Sunday, April 24, 2011

Practice Begins

I mentioned practicing in my last post. Well, going through this book on writing that I'm reading are some practice exercises. Here's the first one. Don't be too harsh, I'm new at this.

Everything was going well on the flight. I had a window seat with no one beside me. The flight attendant even gave me an extra pillow. How nice of her.

“Where’d the guy go that was sitting here?”

I started from my daze and looked toward the voice. Standing in the aisle was a guy, mid-forties, bald with a serious weight problem. He was looking in my direction, eyebrows arched. I rubbed my eyes and took a deep breath, gathering my thoughts.

“I’m sorry, what did you say?”

“I said ‘Where’d the guy go that was sitting here?’. Well, where’d he go?”

I could tell this guy was a winner and I sure as hell didn’t want to talk to him. All I wanted was to catch a bit of a nap before we landed in an hour. With the schedule I was keeping today I’d be hitting the ground running. I won’t have the chance to close my eyes again for another 15 hours, one of the great perks of my job-no sleep ever.

“Look guy”, I replied “I don’t know who’s sitting there. I thought I saw someone earlier but I’m not sure. Ask the flight attendant.”

“I did ask the flight attendant and he doesn’t know. That’s why I’m asking you.”

This guy was testy with my and all I did was tell him that I didn’t know who was sitting there. I did know that I was very tired and going to be pretty bad off if I didn’t catch at least a bit of a nap.

“Easy there fella. I’ve been sleeping most of the flight, which is something that I want to get back to doing. If you’ll excuse me I’ll be attempting to do just that again.”

I begin closing my eyes, shutting out the noise and light of the cabin. Trying to sleep at 50,000 ft with a bunch of strangers around you being annoyingly loud is bad enough. Having one of those strangers come up to you and ask a stupid question knowing that you are trying to sleep is something else.

“Hey asshole!” fat man shouted, “I’m fucking talking to you.”

I slowly opened my eyes and turned toward the aisle. There, still standing by the empty seat, was the stranger. I can tell that he was upset now, and not just by the tone of voice that he used. His formerly pale face had turned a shade not far off from the red commonly seen on a beet, visible capillaries added to the darkening shade. His brows were furrowed, eyes blazing. His teeth were clenched through slightly parted lips. I could see the rise and fall of his chest, pumping like an over-worked bellows. This guy was seriously pissed off and was looking like he wanted to take it out on me.

“Don’t you EVER turn away from me again! I asked you a simple fucking question, so answer it. Who the fuck was sitting here?”

I put up my hands and try to remain as calm as possible. With the possibility of violence from this guy I did not want to be here. I was stuck in a window seat, barely able to move my legs more than a few inches forward and back. Defending myself if he decided to come over the seats at me would have been a problem. I was completely screwed.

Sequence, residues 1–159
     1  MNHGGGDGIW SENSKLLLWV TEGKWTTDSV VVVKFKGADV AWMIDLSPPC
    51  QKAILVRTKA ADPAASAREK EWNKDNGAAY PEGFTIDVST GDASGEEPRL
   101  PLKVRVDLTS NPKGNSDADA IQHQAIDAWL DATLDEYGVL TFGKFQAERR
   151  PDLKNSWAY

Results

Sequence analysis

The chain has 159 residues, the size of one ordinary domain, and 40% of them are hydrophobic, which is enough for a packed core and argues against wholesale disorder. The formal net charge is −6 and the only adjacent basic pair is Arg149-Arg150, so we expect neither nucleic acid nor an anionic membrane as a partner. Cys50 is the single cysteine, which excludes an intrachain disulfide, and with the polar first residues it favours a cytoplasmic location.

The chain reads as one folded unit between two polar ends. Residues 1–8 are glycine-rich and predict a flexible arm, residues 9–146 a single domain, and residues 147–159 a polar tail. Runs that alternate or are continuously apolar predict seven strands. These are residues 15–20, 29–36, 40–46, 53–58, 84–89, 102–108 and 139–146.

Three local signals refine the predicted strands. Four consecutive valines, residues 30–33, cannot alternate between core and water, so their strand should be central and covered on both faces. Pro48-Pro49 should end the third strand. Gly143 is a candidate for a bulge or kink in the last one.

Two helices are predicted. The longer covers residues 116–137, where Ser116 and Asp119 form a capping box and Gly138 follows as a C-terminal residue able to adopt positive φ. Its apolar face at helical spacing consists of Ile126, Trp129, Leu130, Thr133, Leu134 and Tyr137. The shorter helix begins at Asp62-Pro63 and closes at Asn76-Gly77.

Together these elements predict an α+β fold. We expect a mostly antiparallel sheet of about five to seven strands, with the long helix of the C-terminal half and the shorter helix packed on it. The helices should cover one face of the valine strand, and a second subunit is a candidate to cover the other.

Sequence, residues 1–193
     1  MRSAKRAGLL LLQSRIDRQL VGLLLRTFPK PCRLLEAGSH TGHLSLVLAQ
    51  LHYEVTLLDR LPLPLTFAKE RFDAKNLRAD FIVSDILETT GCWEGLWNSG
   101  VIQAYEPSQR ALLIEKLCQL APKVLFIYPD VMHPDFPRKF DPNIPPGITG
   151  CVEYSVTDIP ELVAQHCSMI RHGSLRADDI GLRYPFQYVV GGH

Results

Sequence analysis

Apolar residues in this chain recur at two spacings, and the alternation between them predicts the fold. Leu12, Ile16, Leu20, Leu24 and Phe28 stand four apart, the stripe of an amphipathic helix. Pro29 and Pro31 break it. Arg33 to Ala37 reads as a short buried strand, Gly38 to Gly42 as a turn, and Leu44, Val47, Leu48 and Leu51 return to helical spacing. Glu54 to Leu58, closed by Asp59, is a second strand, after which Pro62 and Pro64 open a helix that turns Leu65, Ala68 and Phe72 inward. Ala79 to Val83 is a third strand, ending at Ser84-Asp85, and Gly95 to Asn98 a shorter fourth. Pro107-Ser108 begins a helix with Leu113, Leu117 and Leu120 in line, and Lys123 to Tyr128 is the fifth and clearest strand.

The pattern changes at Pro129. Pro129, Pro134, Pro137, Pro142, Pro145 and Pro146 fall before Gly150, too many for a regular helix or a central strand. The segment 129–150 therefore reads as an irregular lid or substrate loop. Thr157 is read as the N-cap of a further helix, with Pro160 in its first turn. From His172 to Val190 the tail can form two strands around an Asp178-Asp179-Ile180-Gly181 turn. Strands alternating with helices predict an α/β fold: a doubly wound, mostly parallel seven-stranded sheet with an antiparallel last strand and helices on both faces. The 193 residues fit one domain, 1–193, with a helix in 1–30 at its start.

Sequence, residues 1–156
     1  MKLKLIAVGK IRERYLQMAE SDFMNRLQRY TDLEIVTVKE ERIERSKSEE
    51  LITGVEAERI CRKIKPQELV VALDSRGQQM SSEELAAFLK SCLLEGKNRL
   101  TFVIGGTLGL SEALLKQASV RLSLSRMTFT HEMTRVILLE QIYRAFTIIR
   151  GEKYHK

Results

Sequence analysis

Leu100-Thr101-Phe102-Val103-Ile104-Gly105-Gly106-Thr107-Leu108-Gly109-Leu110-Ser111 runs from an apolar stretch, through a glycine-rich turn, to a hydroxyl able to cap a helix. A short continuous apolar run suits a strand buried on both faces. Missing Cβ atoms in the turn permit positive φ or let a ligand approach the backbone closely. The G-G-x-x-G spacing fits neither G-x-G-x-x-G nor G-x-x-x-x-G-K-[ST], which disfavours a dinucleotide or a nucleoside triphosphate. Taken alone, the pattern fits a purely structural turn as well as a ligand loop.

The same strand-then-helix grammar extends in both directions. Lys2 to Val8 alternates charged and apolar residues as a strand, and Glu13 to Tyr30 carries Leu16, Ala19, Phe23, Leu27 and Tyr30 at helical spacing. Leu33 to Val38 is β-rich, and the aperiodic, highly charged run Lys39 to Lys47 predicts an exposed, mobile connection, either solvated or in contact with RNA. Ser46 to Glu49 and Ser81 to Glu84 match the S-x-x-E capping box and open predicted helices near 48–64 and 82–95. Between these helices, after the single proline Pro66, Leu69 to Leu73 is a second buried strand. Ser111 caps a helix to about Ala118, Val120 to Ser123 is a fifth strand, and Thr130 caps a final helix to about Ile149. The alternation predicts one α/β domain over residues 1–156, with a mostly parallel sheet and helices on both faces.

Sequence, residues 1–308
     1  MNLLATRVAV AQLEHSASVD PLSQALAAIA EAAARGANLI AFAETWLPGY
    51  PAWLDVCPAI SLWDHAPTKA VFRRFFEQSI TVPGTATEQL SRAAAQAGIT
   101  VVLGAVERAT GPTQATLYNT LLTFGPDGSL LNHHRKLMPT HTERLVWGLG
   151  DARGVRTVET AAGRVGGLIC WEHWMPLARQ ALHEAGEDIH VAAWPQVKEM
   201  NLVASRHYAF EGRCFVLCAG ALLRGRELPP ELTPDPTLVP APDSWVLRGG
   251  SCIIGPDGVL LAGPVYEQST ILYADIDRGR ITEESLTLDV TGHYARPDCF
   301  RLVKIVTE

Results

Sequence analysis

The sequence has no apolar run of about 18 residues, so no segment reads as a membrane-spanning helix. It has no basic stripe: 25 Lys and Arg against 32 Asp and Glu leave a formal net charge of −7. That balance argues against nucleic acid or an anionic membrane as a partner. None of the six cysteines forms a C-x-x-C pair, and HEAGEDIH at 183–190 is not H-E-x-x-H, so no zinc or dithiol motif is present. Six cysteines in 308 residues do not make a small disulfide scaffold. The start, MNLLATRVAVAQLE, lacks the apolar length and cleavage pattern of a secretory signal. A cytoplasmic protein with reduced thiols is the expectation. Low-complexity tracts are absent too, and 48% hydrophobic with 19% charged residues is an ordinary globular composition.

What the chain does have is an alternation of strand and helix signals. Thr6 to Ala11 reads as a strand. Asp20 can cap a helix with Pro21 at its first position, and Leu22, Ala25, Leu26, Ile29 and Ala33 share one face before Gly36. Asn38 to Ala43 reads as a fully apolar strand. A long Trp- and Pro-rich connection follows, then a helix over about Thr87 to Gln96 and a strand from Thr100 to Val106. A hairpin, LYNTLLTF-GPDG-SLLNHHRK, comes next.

“Easy man, there’s no need for this.” Isn’t there supposed to be an air marshal on every flight these days to deal with problems like this? Isn’t that way the big hiring push was in the news a few years ago? Where the hell was he and why hadn’t he taken this crazy out yet? “I haven’t seen anyone in that seat all flight. There isn’t anyone sitting there.”

“Bullshit!” the wacko said. “I saw someone here. There WAS someone here. You had to have seen him. I recognized him. You have to tell me who he was and where he went.”

“Look, I don’t know who was sitting there. I didn’t see anyone. You sure that you have the right seat. Maybe you’re thinking of the one of the others further down the aisle?”

“No, he was here” he said. There was an immediate change to the stranger. He started looking less angry and more confused. The color left his face and went back to the natural shade of too pale. His brows were still furrowed, but they shifted from anger to concentration. “He has to be here, I saw him. I saw him right here.”

Now this guy had my attention. He was clearly upset about something. He truly believed that someone had been sitting there, someone that he knew. Or someone that he thought he recognized. And that’s when the late marshal showed up.

“Is there a problem here sir?” the marshal asked the stranger.

The stranger looked dumbly at the marshal, his face beyond pale. “He’s on this plane, I know he is. He has to be, because I saw him here. He was right here” the guy said as he gestured toward the empty seat.

“Who was here sir? Who are you looking for?” The marshal put his hand around the guy’s right bicep, ready to restrain him if necessary. The flight attendant must have told him about the outburst and he was ready, taking no chances.

“He was.” The stranger looked pleadingly in the marshal’s eyes. “You have to help me find him, he’s here.” Getting more frantic now, “He’s on this plane; you have to find him and arrest him!”

“Arrest who, sir? Who are you talking about?”

Seeing this exchange sends a chill down my spine. I know what he’s going to say before he says it. It’s my job to know things first, to know fact before anyone else does. I see where this is headed and wish I’d taken the later flight.

The stranger, tears welling in his eyes, looked from the marshal to me, and back again, his shoulders slumped. All I could see in front of me was a broken man, one that had obviously lost everything.

“He is…” began the stranger. “The guy I’m looking for-the guy I saw sitting here…He killed my wife, two days ago. And he’s somewhere on this plane. Right now.”

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